This variance in wind and solar output is also leading to more and more variance in prices. Wholesale electricity prices, which may reach their $5000/MWh maximum tomorrow afternoon, were negative for several hours Sunday night because of high wind output outpacing demand. They might be negative again next week when the wind picks back up.
Given these massive and unpredictable swings in prices, it’s no wonder that Texas, which sits on an ocean of natural gas, is not building gas-fired power plants to stabilize its grid. Power plant developers cannot predict their revenue from year to year, much less 20 years into the future, and ensure that they can get a return on their investment.
In contrast, wind and solar generators are being built because they benefit from massive federal subsidies and often have guaranteed offtake contracts with large commercial and industrial users or municipal power utilities, all of whom want to claim they are 100% powered by renewable energy. Of course, those claims omit the fact that we are all paying for backup power to support the grid when the wind and sun aren’t available.
And therein lies the problem that the Public Utility Commission of Texas (PUC) must solve. Who pays for the extra backup power to support the explosive growth of wind and solar on the Texas grid? Right now, no one is paying for it, and the reliability of the grid is degrading as a result.
The PUC is embarking on a redesign of the ERCOT market in an attempt to ensure that the grid has adequate resources to meet growing demand. However, the current proposals are fatally flawed because they impose no discipline on the growth of wind and solar generation, instead placing the cost of ensuring reliability entirely on ratepayers.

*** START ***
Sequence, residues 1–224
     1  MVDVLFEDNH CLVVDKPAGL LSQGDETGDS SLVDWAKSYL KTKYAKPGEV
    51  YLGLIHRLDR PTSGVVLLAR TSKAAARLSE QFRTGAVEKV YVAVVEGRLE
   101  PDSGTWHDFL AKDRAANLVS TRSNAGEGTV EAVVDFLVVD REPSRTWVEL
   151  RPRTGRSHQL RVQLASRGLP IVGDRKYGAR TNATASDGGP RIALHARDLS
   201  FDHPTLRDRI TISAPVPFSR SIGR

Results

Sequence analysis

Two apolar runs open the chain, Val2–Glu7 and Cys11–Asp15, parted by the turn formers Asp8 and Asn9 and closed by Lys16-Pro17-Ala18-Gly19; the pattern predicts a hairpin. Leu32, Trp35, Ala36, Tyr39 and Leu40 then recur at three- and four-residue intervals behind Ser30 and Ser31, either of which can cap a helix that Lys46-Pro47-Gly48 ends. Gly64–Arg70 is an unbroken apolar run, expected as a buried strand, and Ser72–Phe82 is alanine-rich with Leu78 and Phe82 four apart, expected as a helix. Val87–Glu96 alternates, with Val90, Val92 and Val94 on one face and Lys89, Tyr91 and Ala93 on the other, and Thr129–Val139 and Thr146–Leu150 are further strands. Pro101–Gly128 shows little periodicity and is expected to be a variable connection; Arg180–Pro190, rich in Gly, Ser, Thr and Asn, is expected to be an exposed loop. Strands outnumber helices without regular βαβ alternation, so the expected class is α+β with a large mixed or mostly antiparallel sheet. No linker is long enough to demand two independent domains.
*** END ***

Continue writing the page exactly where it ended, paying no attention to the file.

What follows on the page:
Unfortunately, any plan that put reliability costs solely on Texas ratepayers will end up chasing wind and solar subsidies with subsidies for reliable backup power, just as California and Germany are doing. Texas electric rates are already skyrocketing, and in a couple years, our electric bills will start to look like California’s instead of the low-cost electricity we are accustomed to.
The ERCOT market has invested over $60 billion of private capital in new wind and solar generation, on top of billions in federal subsidies. It’s not hard to imagine our electric system being more affordable and reliable if $30 billion of that $60 billion was invested in more reliable generation and resiliency. The PUC is saying we need more investment, but what we need is smarter investment.
The most cost-effective way to fix this investment problem is to require wind and solar generators to purchase backup power or energy storage and to bring their variability more in line with that of gas and coal generators. This requirement will impose appropriate discipline on the growth of wind and solar by ensuring that new wind and solar generation is not increasing the variability of our supply of electricity.
The Life:Powered team was calling for this reform long before February 2021. The Texas Senate and Governor Abbott called for it almost a year ago, but the PUC is currently not even studying it. It is time for the PUC to stop avoiding the problem and finally get it right. The future of the Texas grid depends on it.